With the Euro hitting a record high in 6 month against the dollar, France and Germany vowed Monday to accelerate eurozone integration, with a new bilateral panel to work out ways to kickstart the reform process.
“We’ve been talking about progress in eurozone integration for years, but things are not moving fast enough,” said France’s new Economy Minister Bruno Le Maire in Berlin after talks with his German counterpart Wolfgang Schaeuble. “We have now decided to get things going more quickly and further in a very concrete manner,” he said.
Schaeuble agreed that “we are convinced that Germany and France must take a leading role” in strengthening the European Union in challenging times.
The new working group will look at how the currency bloc can better coordinate economic policies, harmonize its tax regime and find potential Franco-German investment projects, according to a joint statement.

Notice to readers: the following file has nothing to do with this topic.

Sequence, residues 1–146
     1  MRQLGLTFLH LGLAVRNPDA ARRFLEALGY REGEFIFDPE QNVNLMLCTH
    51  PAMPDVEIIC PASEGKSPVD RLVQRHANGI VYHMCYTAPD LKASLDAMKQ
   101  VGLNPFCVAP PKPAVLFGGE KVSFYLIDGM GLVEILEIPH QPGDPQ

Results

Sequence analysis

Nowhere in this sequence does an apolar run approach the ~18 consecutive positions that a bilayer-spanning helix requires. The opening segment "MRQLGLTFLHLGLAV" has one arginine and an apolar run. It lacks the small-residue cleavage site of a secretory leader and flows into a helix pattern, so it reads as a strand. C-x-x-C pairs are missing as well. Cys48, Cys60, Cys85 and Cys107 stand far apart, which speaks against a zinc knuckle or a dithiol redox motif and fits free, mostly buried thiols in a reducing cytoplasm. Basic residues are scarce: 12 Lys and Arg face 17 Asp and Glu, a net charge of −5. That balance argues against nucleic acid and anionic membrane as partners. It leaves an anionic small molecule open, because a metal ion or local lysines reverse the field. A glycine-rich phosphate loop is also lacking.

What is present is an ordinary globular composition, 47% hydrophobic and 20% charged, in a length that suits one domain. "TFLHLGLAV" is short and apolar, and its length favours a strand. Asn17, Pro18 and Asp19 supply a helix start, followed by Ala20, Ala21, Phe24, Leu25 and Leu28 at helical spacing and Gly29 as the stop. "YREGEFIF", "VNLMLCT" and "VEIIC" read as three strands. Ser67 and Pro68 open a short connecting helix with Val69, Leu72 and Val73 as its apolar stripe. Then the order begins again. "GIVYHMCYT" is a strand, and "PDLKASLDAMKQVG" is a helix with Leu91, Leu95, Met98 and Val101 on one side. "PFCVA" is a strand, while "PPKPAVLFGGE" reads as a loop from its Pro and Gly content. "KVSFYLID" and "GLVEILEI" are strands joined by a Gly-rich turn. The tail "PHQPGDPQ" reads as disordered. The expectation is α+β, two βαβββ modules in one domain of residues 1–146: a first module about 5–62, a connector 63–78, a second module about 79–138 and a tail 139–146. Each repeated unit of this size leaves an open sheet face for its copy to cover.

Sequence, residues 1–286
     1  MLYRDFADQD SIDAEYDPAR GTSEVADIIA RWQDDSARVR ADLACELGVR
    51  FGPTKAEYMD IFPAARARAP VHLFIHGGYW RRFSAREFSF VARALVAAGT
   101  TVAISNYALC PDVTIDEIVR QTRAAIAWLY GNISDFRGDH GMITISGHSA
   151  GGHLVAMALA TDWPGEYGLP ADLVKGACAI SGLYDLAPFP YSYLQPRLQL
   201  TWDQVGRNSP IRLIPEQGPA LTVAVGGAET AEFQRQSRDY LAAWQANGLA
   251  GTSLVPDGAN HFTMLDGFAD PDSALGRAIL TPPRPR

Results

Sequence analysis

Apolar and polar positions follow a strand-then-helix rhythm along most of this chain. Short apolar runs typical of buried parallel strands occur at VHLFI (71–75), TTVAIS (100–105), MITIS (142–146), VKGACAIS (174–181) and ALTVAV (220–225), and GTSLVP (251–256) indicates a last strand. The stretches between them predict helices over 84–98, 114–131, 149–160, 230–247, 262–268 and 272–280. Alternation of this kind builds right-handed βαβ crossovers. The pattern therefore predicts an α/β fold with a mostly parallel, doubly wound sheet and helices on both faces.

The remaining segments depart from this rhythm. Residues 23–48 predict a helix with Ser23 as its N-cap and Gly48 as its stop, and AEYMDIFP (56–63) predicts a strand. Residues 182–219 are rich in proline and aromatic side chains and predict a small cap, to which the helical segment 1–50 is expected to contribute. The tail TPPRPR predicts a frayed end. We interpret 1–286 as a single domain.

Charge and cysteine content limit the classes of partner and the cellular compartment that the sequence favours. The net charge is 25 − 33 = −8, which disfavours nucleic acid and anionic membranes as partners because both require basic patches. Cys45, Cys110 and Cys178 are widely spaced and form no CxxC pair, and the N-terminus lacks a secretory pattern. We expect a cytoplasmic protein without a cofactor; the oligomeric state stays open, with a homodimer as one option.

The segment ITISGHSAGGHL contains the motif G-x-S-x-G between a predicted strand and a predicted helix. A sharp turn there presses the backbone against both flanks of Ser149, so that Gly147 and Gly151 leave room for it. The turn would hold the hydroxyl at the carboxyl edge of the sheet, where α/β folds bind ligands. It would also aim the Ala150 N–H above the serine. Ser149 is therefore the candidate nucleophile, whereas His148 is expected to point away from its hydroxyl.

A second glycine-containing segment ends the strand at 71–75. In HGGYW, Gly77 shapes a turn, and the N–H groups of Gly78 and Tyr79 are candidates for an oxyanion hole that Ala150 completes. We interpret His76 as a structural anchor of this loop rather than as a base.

“Not only our compatriots in France and Germany but also others in the eurozone are expecting concrete proposals and concrete investments that can generate economic activity and jobs,” said Le Maire.
The bilateral panel will report to a joint ministerial meeting of the eurozone’s two biggest players in July.
Le Maire and Schaeuble’s meeting came a week after German Chancellor Angela Merkel hosted France’s new President Emmanuel Macron and the two leaders vowed to give a new impetus to Europe.
Underlining the need to improve the EU’s relevance to Europeans, Le Maire pointed to France’s bitterly fought presidential election in which both the far-right and the far-left scored their highest margins since the end of World War II. “If we don’t succeed, then it will be those in the extremes who will succeed us,” warned Le Maire, adding that “our compatriots will only judge us by our results.”
On the other hand, Eurozone finance ministers, the International Monetary Fund and the Greek government failed to hammer out a final deal on Greece’s debt relief and decided to postpone a decision for their next meeting in mid-June.